|Africa (records)||1:40.91 WR||David Rudisha||Kenya||1:54.01||Pamela Jelimo||Kenya|
|Asia (records)||1:42.79||Yusuf Saad Kamel||Bahrain||1:55.54||Dong Liu||China|
|Europe (records)||1:41.11||Wilson Kipketer||Denmark||1:53.28 WR||Jarmila Kratochvílová||Czechoslovakia|
|North, Central America
and Caribbean (records)
|1:42.34||Donavan Brazier||United States||1:54.44||Ana Fidelia Quirot||Cuba|
|Oceania (records)||1:44.11||Peter Bol||Australia||1:58.09||Catriona Bisset||Australia|
|South America (records)||1:41.77||Joaquim Cruz||Brazil||1:56.58||Letitia Vriesde||Suriname|
All-time top 25
- Correct as of August 2021.
|1||1||1:40.91||David Rudisha||Kenya||09 AUG 2012||London|||
|2||1:41.01||Rudisha #2||29 AUG 2010||Rieti|
|3||1:41.09||Rudisha #3||22 AUG 2010||Berlin|
|2||4||1:41.11||Wilson Kipketer||Denmark||24 AUG 1997||Cologne|
|5||1:41.24||Kipketer #2||13 AUG 1997||Zürich|
|6||1:41.33||Rudisha #4||10 SEP 2011||Rieti|
|7||1:41.51||Rudisha #5||10 JUL 2010||Heusden-Zolder|
|8||1:41.54||Rudisha #6||06 JUL 2012||London|
|3||9||1:41.73||Sebastian Coe||Great Britain||10 JUN 1981||Florence|
|9||1:41.73||Kipketer #3||07 JUL 1997||Stockholm|
|3||9||1:41.73||Nijel Amos||Botswana||09 AUG 2012||London|
|12||1:41.74||Rudisha #7||09 JUN 2012||New York City|
|5||13||1:41.77||Joaquim Cruz||Brazil||26 AUG 1984||Cologne|
|14||1:41.83||Kipketer #4||01 SEP 1996||Rieti|
|15||1:41.89||Amos #2||12 JUL 2019||Monaco|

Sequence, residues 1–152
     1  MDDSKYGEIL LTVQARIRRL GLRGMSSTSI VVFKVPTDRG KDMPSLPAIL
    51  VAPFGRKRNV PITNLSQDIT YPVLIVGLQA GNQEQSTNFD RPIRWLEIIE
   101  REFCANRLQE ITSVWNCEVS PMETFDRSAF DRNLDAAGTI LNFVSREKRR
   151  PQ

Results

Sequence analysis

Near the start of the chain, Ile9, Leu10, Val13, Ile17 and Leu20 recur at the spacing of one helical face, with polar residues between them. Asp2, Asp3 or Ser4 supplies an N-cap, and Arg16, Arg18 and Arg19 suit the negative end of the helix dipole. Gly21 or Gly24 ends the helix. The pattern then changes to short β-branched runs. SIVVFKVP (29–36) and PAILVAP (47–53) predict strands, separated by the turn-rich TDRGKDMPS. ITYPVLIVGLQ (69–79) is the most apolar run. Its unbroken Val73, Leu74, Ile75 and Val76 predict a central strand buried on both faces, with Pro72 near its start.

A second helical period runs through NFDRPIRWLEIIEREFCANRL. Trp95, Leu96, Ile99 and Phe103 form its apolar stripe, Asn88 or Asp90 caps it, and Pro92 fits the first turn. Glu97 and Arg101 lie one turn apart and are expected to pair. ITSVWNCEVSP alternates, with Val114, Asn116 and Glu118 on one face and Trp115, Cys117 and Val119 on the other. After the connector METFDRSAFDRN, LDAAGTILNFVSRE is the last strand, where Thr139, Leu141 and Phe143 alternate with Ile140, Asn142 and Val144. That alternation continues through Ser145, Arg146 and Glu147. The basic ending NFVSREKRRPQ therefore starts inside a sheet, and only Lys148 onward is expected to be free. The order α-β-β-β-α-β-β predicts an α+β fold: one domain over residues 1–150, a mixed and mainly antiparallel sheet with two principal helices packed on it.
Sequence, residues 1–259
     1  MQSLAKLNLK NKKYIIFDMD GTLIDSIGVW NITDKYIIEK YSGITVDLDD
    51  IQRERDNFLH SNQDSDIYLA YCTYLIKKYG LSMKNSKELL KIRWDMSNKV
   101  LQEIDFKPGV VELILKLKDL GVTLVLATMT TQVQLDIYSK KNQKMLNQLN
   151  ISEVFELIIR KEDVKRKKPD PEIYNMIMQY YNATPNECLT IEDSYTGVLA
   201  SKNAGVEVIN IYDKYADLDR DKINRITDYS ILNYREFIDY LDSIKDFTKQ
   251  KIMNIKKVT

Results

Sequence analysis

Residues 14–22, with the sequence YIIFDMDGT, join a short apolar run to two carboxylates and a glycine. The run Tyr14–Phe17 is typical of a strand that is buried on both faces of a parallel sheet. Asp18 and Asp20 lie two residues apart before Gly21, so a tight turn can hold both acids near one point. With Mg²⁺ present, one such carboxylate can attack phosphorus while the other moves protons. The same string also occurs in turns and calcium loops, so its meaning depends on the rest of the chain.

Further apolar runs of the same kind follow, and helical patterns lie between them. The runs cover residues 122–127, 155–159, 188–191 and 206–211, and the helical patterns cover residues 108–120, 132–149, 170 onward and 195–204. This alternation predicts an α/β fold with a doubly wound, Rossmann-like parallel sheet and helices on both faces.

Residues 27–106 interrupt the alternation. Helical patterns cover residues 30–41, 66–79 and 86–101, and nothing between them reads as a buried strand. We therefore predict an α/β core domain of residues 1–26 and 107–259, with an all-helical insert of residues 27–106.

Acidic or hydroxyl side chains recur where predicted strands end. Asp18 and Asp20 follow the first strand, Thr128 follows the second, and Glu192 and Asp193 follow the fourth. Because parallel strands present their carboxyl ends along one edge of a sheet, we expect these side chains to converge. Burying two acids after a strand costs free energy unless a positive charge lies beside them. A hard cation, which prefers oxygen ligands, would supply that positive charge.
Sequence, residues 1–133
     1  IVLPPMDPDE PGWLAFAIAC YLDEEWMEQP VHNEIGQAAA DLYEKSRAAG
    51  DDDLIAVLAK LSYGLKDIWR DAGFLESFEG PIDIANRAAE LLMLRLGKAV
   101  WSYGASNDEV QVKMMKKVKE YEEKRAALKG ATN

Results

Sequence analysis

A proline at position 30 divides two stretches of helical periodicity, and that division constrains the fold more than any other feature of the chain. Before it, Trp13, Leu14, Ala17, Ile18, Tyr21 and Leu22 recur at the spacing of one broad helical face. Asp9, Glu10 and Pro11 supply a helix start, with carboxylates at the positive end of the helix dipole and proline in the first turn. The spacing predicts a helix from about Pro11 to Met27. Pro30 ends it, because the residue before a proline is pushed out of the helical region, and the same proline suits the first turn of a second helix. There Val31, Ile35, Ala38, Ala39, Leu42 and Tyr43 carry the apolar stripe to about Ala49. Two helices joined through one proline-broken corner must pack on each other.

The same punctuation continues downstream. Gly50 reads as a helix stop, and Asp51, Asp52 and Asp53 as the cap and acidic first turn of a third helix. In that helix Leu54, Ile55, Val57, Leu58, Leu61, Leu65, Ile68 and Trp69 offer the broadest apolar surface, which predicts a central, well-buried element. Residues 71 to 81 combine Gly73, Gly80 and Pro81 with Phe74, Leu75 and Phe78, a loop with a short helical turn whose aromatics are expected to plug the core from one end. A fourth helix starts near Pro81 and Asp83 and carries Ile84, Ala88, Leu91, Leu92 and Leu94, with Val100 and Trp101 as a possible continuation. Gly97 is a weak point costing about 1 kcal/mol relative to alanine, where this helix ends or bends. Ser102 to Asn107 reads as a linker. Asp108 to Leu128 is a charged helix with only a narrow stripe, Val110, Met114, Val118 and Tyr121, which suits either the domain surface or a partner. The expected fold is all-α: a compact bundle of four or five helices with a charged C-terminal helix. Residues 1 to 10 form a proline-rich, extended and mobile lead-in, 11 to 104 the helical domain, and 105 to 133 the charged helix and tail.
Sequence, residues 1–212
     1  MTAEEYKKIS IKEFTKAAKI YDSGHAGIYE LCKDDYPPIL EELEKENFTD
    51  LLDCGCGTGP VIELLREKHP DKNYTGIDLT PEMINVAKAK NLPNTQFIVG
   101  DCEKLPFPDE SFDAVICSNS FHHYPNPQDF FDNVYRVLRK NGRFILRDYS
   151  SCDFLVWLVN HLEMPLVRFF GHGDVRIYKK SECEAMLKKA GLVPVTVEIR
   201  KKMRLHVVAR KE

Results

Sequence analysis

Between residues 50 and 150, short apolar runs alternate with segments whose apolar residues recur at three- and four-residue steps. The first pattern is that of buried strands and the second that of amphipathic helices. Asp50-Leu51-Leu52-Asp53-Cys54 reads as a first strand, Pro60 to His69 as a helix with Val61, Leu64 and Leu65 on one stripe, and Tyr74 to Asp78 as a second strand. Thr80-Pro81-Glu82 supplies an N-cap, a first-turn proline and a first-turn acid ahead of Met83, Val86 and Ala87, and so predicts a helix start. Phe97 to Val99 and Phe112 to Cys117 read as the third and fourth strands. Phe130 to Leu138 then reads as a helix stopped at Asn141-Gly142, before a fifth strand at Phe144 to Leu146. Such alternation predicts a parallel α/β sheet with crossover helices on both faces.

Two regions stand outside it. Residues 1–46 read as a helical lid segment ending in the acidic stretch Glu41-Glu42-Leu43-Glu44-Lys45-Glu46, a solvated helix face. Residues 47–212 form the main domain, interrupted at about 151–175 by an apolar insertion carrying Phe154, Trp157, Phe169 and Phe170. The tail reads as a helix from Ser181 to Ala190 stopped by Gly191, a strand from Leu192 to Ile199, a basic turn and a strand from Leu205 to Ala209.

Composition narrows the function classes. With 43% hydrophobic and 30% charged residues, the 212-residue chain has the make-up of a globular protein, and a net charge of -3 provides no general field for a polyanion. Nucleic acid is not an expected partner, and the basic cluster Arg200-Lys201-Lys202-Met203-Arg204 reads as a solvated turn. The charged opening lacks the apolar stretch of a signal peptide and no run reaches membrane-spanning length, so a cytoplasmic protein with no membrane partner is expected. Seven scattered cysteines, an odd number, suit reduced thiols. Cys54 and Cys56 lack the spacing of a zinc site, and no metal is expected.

|16||1:42.01||Rudisha #8||06 SEP 2009||Rieti|
|17||1:42.04||Rudisha #9||04 JUN 2010||Oslo|
|6||18||1:42.05||Emmanuel Korir||Kenya||22 JUL 2018||London|||
|19||1:42.12||Rudisha #10||23 JUN 2012||Nairobi|
|20||1:42.14||Amos #3||20 JUL 2018||Monaco|
|21||1:42.15||Rudisha #11||15 AUG 2016||Rio de Janeiro|
|22||1:42.17||Kipketer #5||16 SEP 1996||Tokyo|
|23||1:42.20||Kipketer #6||22 AUG 1997||Brussels|
|7||24||1:42.23||Abubaker Kaki||Sudan||04 JUN 2010||Oslo|||
|25||1:42.27||Kipketer #7||08 SEP 2002||Rieti|
|8||1:42.28||Sammy Koskei||Kenya||26 AUG 1984||Cologne|
|9||1:42.34||Wilfred Bungei||Kenya||08 SEP 2002||Rieti|
|Donavan Brazier||United States||01 OCT 2019||Doha|||
|11||1:42.37||Mohammed Aman||Ethiopia||06 SEP 2013||Brussels|||
|12||1:42.47||Yuriy Borzakovskiy||Russia||24 AUG 2001||Brussels|
|13||1:42.51||Amel Tuka||Bosnia and Herzegovina||17 JULY 2015||Monaco|||
|14||1:42.53||Timothy Kitum||Kenya||09 AUG 2012||London|
|Pierre-Ambroise Bosse||France||18 JUL 2014||Monaco|
|16||1:42.54||Ferguson Rotich||Kenya||12 JUL 2019||Monaco|||